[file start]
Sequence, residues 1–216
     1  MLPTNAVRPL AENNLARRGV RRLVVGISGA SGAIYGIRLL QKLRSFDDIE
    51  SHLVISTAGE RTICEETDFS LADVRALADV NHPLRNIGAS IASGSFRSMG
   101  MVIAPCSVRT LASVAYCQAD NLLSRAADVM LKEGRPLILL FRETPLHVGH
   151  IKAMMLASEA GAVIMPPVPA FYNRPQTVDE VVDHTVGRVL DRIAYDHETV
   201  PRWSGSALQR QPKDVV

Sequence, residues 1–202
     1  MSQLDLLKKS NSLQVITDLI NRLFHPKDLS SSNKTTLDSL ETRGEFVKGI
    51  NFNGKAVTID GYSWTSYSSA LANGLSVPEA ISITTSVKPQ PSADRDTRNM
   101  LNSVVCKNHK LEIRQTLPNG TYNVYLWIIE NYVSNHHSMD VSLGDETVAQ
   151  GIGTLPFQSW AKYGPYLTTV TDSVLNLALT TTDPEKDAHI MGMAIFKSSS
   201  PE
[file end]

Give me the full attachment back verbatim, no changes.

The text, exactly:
Sequence, residues 1–216
     1  MLPTNAVRPL AENNLARRGV RRLVVGISGA SGAIYGIRLL QKLRSFDDIE
    51  SHLVISTAGE RTICEETDFS LADVRALADV NHPLRNIGAS IASGSFRSMG
   101  MVIAPCSVRT LASVAYCQAD NLLSRAADVM LKEGRPLILL FRETPLHVGH
   151  IKAMMLASEA GAVIMPPVPA FYNRPQTVDE VVDHTVGRVL DRIAYDHETV
   201  PRWSGSALQR QPKDVV

Sequence, residues 1–202
     1  MSQLDLLKKS NSLQVITDLI NRLFHPKDLS SSNKTTLDSL ETRGEFVKGI
    51  NFNGKAVTID GYSWTSYSSA LANGLSVPEA ISITTSVKPQ PSADRDTRNM
   101  LNSVVCKNHK LEIRQTLPNG TYNVYLWIIE NYVSNHHSMD VSLGDETVAQ
   151  GIGTLPFQSW AKYGPYLTTV TDSVLNLALT TTDPEKDAHI MGMAIFKSSS
   201  PE